Composing Silly Songs For 'Sesame Street' Writer and humorist Christopher Cerf has been associated with the Children's Television Workshop since 1970, developing products, producing music albums and writing parodies of rock-and-roll songs for Sesame Street.
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Composing Silly Songs For 'Sesame Street'

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Composing Silly Songs For 'Sesame Street'

Composing Silly Songs For 'Sesame Street'

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(Soundbite of song)

Unidentified People: (Singing) One, two, three, four, five, six, seven, eight, nine, 10, 11, 12, we're gonna, we're gonna around the clock, we're gonna around the clock, we're gonna around the clock, we're gonna - 12, 11, 10, nine, eight, seven, six, five, four three, two one, we're gonna, we're gonna, around the clock, we're gonna around the clock, we're gonna around the clock, we're gonna. One, two, three, four, five, six, seven, eight, nine, 10, 11, 12, we're gonna, we're gonna.


Christ Cerf wrote or co-wrote more than 200 songs featured on �Sesame Street,� including �Put Down The Duckie,� �The Word Is No,� and such memorable parodies as �Born To Add� and �The Letter B.� He won two Grammy Awards and three Emmys for song writing and music production on the show. Cerf is also an author and satirist who helped launch National Lampoon. His most recent project is �Lomax: The Hound Of Music,� a PBS children series he co-created and co-wrote. Terry spoke with Chris Cerf in 1990, when a collection of songs from �Sesame Street� had just been released.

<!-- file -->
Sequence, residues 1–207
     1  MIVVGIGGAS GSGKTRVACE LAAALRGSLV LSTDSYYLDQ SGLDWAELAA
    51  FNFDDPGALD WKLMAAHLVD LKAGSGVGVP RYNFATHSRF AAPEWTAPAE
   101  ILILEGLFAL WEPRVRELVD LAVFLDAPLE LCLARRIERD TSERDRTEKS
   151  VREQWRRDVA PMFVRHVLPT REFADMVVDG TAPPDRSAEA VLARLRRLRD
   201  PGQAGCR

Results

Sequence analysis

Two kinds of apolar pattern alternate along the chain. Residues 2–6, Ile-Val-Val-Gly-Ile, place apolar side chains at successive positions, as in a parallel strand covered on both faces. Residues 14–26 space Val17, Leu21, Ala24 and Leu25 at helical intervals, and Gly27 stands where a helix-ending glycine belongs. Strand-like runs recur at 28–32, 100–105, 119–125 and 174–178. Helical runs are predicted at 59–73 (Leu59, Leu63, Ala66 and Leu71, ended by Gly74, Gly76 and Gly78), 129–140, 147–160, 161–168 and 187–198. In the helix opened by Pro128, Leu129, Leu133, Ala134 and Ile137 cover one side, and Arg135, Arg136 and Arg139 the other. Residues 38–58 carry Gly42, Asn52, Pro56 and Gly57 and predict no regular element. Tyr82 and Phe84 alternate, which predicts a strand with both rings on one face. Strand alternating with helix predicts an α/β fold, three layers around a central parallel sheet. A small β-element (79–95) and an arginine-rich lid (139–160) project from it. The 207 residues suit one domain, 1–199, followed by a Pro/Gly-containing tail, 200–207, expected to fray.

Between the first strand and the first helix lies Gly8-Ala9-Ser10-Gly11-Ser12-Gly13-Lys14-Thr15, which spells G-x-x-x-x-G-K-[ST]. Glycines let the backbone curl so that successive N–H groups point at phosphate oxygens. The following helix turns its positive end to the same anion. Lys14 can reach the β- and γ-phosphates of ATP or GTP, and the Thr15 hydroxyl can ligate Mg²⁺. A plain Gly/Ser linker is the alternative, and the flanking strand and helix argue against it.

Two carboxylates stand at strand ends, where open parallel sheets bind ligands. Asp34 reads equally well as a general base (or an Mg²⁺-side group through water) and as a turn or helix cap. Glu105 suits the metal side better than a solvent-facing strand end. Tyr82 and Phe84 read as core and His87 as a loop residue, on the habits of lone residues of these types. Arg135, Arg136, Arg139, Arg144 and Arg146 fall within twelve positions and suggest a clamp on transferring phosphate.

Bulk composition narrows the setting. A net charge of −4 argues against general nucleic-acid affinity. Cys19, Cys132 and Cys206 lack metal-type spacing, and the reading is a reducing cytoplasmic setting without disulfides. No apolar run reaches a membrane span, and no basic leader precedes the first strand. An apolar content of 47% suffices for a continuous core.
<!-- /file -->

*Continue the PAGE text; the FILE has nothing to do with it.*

There's a new collection of Sesame Street rock and roll videos. And one of the songs that you wrote for that collection of videos, or that's featured on that collection of videos, is �I Can't Get No Cooperation,� performed by The Cobblestones.

Mr. CHRISTOPHER CERF (Composer-Lyricist): Right.

GROSS: Are there copyright laws that you have to obey when you're parodying famous people's famous songs?

Mr. CERF: Absolutely, though nobody knows exactly what the rules are. But you really don't copy the tune. You have to try to suggest the tune and suggest the words. But you can't use the original ones. And if you do, you can be sued. But most of time we stay away from that. And you know, that came up in the sequels book too. We were going to do a parody featuring the Bambi characters, a movie called �Bambo,� that was a going to be a cross between �Rambo� and �Bambi,� and the line that went with it was: They killed his mother, now it's time to get even.

(Soundbite of laughter)

Mr. CERF: And, in fact, we made a little postcard of that and brought it to the book convention. And we were notified very quickly that there would be injunctions against the book and all kinds of things if we tried to use those characters, so, we left it out finally. And indeed, that was a case where we had gone over the line because we were using not just a copyrighted name, you know - and certainly parody is encouraged by free speech. But you can't use trademarks and the Bambi character was a trademark. So, there are rules. Nobody knows exactly where the line is but parody is generally okay, as long as, you can see that it's not trying to trade on the original.

GROSS: Titles, you can parody titles without any problem.

Mr. CERF: Oh, absolutely. Oh, sure.

GROSS: Have you ever been sued?

Mr. CERF: Actually, yes. We were sued for a �Sesame Street� song called �Letter B,� that was a parody of �Let It Be.� And we weren't sued by the Beatles who, in fact, wrote an affidavit on our behalf, but by someone who had bought the copyright to that song, an Australian firm. And eventually, it was settled out of court but it does make you stop and think. And probably we might have gotten a little closer than we should've to that tune. Actually, it was settled for $500. So, it looks likely we would've won the case of if it had gone all the way.

GROSS: Yeah, that's not exactly a grand settlement.

Mr. CERF: No, since they originally sued us for five and a half million.

(Soundbite of laughter)